There really is something to be said for those formative years and childhood experiences that make us who we are as adults. When I was about six, my family moved to Houston. And like every other American city, Houston LOVES Independence Day. And I remember going to arts and crafts festivals before settling down on a blanket with late snacks listening to the Houston Symphony Orchestra play John Phillips Sousa and Tchaikovsky at the Herman Park Amphitheater.
It's those festivals and the fellow audience members that captured the spirit of America the Beautiful. It was an incredibly diverse crowd full of different accents and languages. There were people who have been Americans for generations, some that were new citizens, and some (I would assume) working towards citizenship. It was a spectacular gathering of Us.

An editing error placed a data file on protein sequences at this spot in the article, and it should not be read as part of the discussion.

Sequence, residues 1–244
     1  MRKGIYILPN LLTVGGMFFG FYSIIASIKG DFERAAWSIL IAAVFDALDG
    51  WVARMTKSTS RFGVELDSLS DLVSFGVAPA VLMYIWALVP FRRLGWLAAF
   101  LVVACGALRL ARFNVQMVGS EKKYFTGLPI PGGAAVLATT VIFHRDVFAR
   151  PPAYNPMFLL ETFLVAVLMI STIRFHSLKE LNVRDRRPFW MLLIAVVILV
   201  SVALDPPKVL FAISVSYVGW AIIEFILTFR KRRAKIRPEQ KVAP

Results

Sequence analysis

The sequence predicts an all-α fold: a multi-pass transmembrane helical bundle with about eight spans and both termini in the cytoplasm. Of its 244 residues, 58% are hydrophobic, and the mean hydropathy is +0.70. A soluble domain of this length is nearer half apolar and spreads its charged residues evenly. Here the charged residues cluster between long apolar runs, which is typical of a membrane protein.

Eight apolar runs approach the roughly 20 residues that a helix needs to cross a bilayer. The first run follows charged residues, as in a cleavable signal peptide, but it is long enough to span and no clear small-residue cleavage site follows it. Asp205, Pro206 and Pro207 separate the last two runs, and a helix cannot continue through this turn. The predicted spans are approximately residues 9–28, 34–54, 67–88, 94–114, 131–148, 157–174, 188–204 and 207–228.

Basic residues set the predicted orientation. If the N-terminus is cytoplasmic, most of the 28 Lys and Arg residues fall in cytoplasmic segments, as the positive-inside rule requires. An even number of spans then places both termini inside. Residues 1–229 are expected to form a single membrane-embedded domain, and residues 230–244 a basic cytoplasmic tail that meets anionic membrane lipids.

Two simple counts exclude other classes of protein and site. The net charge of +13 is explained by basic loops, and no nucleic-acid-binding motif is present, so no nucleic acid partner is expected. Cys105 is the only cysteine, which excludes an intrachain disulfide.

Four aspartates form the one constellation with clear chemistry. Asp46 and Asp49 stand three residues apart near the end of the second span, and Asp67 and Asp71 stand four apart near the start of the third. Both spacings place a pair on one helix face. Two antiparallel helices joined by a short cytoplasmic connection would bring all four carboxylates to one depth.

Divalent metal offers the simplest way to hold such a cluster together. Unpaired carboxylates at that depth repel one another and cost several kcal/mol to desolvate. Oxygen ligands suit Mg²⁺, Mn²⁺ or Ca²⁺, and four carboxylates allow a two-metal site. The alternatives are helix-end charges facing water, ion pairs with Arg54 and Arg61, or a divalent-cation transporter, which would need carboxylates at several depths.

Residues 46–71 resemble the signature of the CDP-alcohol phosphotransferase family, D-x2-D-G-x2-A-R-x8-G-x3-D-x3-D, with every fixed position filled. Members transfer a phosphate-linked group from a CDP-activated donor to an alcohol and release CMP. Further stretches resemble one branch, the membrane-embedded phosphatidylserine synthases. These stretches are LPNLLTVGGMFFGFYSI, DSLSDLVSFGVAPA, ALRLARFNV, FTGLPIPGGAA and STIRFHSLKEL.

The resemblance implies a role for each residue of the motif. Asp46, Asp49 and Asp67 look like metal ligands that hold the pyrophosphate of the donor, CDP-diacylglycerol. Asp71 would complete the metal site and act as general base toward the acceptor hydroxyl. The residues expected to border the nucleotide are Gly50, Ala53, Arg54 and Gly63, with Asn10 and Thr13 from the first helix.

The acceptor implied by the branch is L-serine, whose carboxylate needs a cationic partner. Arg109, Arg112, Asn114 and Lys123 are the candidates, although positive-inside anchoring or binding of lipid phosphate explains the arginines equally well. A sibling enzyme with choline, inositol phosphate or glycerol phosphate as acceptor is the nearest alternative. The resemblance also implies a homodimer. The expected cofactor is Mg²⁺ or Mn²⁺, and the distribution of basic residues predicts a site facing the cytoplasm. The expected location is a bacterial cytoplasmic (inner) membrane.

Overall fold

As the years went on, and as my eyes steadily opened more and more, I would always find myself in a wonderfully diverse crowd on Independence Day; making friends, albeit briefly, from strangers, and wishing everyone a sense of joy and belonging, even in the face of adversity.
I am not a naive person. I know that this country, like all others, has had and continues to suffer with serious issues of prejudice, sexism, extreme nationalism and isolationism. But, I still firmly believe in the vision and the dream that is Us as symbolized by those fireworks invented during the Tang Dynasty in China, those apples brought to the colonies from Europe, and barbecue...well everyone on earth has been slow-cooking over an open flame for thousands of years. And I firmly believe that this amazing country is meant to be as diverse and complex as her landscape.